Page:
- This topic has 6 replies, 3 voices, and was last updated 8 years, 11 months ago by Anonymous.
29th March 2012 at 8:55 am #2530
I have completed an analysis in which I have performed multiple linear regression for two dependent variables, Y1 (rate of use of a service) and Y2 (variety of use of the service). These variables are driven by a set of variables X1 (perceived social value), X2 (perceived emotional value), X3 (perceived performance/quality value), X4 (perceived value for money), and other variables.
I did regressions separately for Y1 and Y2. A reviewer of my paper has pointed out that since Y1 and Y2 are determined simultaneusly by X1, X2, X3, X4,… I should have performed Two Stage Least Squares (2SLS) regression.
Can someone point me to a source which explains, in simple terms, how to perform 2SLS in SPSS?30th March 2012 at 2:17 pm #2536AnonymousInactive
depending on which version of SPSS you have, i believe the newer ones have an option under the ‘regression’ menu. i have SPSS 17.0 so if you go Analyze —> Regression at the very end you should be able to see an option for “2SLS”
the coefficients are interpreted the same as in Path Analysis where you create (pseudo)-causal diagrams..3rd April 2012 at 4:35 am #2535
Thanks a ton, Oscar.
I do have the option to do 2SLS in SPSS. Is there a reference which explains what explanatory and instrumental variable are, and how 2SLS is used for situations in which two dependent variables are simultaneously determined by some explanatory variables? I see that 2SLS regression still calls for selecting one dependent variable at a time.3rd April 2012 at 8:27 am #2534AnonymousInactive
well, most of the people who work in econometrics do a lot of 2SLS models so i guess i just know this stuff out from econ courses i took? basically an instrumental variable is anything that predicts your dependent variable indirectly. for example, say you have predictors A, B and C. if A, B and C predict X and X predicts Y but A,B and C do not necessarily predict Y, then A, B and C are instrumentals, X is your independent variable and Y is your dependent variable.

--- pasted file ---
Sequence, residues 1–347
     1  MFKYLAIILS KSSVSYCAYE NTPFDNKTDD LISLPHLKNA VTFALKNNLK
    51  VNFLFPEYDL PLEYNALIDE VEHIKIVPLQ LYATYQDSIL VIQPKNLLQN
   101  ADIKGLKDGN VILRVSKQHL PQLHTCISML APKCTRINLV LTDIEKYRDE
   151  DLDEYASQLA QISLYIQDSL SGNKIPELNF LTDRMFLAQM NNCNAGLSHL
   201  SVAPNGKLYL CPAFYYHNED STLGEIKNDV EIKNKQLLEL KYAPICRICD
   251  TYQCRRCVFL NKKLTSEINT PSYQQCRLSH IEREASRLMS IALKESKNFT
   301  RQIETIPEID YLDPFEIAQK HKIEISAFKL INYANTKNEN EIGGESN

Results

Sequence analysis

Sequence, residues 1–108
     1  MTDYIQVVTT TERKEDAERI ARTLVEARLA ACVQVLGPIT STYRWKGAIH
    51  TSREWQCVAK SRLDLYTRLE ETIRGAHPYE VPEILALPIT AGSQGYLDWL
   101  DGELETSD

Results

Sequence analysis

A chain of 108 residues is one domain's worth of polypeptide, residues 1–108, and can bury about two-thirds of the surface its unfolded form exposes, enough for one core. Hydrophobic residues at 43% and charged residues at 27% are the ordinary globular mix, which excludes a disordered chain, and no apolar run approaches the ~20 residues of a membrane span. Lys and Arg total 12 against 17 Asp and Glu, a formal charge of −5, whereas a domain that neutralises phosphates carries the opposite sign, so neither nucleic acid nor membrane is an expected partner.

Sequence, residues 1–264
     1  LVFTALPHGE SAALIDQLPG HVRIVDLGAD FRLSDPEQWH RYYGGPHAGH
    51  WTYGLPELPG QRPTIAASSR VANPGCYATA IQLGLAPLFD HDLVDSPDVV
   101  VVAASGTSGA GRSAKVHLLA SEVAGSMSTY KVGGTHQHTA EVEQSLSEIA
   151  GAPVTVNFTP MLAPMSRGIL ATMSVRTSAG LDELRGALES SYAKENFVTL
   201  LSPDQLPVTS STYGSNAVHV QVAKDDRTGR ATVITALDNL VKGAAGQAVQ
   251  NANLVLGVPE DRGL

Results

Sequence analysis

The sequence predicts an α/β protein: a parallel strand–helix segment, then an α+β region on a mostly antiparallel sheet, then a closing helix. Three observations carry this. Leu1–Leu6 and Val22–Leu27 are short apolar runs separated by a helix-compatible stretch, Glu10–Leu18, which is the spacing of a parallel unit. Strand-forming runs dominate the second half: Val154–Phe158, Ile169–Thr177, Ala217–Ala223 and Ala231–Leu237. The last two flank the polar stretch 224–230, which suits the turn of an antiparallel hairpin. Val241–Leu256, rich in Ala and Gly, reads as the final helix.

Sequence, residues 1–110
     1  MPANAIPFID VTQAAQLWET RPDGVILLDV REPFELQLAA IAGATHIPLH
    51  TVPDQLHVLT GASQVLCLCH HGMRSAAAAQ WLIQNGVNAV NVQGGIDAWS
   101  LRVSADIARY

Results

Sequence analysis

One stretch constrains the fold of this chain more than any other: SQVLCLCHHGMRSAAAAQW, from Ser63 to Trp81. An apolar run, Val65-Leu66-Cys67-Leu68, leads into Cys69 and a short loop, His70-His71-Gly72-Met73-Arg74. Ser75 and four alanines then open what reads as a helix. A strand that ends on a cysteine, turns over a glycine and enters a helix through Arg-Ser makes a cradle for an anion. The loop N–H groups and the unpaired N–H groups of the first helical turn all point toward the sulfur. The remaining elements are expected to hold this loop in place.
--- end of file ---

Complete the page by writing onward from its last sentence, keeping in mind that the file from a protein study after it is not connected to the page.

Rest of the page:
i think it’s important to keep in mind that 2SLS is still what is referred to as a “first generation” multivariate technique. it is, after all, still a regression and as such you only get one dependent variable of interest, unless you can somehow turn one of your Y’s into another predictor. to be honest i’m a little bit surprised that someone would’ve asked you to perform 2SLS since it’s kind of an ‘old school’ technique. you can always have a look at Path Analysis. you should be able to analyze a dataset like yours through Path Analysis and it should take care of the endogeneity of the variables. if you’re familair with SPSS, it has an extension called AMOS which does structural equation modeling and path analysis. that would allow you to have two dependent variables which are being estimated simultaneously by your predictors…
(now this is not to say that you can’t do this through 2SLS. there is such a thing as multivariate 2SLS which is what i guess the person who asked you to perform is expecting for you to do, but i dont think you can do multivariate 2SLS in SPSS… you can do it in R though through the tsls() function in the sem package)4th April 2012 at 3:52 am #2533
Once again, thanks a ton. I’m much clearer now.
Ashish24th April 2012 at 2:22 pm #2532Muir HoustonMember14th May 2012 at 1:06 pm #2531
First of all many thanks. I couldn’t reply earlier as I was busy with my “day” job.
I haven’t been able to understand this completely, though. If it’s possible, can you kindly explain this a bit more: (i) what were the instrumentals, independent variable and dependent variable? (ii) in what steps did you solve the two equations?
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